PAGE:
Nonetheless, some observers believed that parents should always have the final decision on the welfare of their children. The Spectator’s Fraser Nelson believes that “bad law” like this should not be allowed to stand in the way of a parent’s choice – especially when other sources of care are proffered from around the globe. When it comes to human rights, he argues, the removal of fundamental parental choice is markedly regressive. Simultaneously, a campaign led by MEP Stephen Woolf is calling for the introduction of ‘Alfie’s Law’, to allow parents to make the final decision regarding their children’s care. Similar to the legal initiative started by Charlie Gard’s parents, the campaign seeks to prevent prolonged legal disputes between hospitals and families and return full rights to the parents of sick children. 

However, there remains significant concern about this ‘parents know best’ approach. A good proportion of best interest cases, so far, have involved parents who are Jehovah's Witnesses. Jehovah's Witnesses believe that their religion requires them to refuse certain medical treatments, such as blood transfusions. Allowing parents to always have the final say on their child’s medical treatment could therefore lead to the unnecessary deaths of many children of Jehovah's Witnesses – even when they require relatively simple medical procedures.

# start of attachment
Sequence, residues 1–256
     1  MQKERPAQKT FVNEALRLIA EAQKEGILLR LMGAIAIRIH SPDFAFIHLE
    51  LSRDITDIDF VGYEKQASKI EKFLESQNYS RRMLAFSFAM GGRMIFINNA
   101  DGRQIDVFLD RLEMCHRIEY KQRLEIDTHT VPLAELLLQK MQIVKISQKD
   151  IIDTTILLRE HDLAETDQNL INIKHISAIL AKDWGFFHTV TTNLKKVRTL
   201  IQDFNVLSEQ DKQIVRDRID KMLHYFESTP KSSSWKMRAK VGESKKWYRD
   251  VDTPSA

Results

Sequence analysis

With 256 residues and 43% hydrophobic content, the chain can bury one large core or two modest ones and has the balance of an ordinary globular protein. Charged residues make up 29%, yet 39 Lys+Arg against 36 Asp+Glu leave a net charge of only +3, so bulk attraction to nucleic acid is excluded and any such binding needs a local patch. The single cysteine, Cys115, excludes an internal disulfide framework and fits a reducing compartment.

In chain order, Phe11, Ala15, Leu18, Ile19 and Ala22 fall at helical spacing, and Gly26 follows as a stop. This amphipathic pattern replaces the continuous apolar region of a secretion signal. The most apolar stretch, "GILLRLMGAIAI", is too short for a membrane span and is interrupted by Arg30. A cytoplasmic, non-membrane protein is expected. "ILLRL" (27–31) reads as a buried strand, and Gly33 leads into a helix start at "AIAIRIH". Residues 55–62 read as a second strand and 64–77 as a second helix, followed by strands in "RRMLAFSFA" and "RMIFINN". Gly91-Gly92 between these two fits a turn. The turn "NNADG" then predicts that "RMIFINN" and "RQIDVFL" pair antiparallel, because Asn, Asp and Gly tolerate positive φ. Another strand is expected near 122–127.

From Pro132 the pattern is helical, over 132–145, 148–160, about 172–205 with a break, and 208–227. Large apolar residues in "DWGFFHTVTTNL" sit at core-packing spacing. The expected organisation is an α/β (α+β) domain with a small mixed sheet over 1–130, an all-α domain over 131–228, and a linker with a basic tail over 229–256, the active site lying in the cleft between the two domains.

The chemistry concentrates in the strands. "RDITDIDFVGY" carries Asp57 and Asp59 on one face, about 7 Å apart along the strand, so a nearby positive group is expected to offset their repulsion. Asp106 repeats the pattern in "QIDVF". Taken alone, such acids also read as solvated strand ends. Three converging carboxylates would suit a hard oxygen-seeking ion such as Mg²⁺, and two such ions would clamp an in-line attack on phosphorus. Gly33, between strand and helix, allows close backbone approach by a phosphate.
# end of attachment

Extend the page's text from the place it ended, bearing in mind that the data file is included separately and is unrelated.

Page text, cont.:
High-profile quarrelling - especially that which inspires vitriol and abuse – should not overshadow the suffering of a vulnerable, grieving family, and the medical professionals who face a barrage of conflicting opinions as they make life-changing decisions on the welfare of very vulnerable children. In almost all cases, both doctors and parents obviously hold the child’s wellbeing in the highest regard. It is important that, when reviewing or challenging the legislation surrounding these cases, those with significant public profiles are more respectful of those most closely involved. 

Amabel Scott is a research assistant at Bright Blue

Britain can lead the way in protecting civilians in conflict

Even wars have rules. One of the rules, grounded in moral ideas about mercy, compassion and restraint, is that civilians should be protected – and protecting children from the worst excesses of armed conflicts they played no part in creating is surely a test of our shared humanity.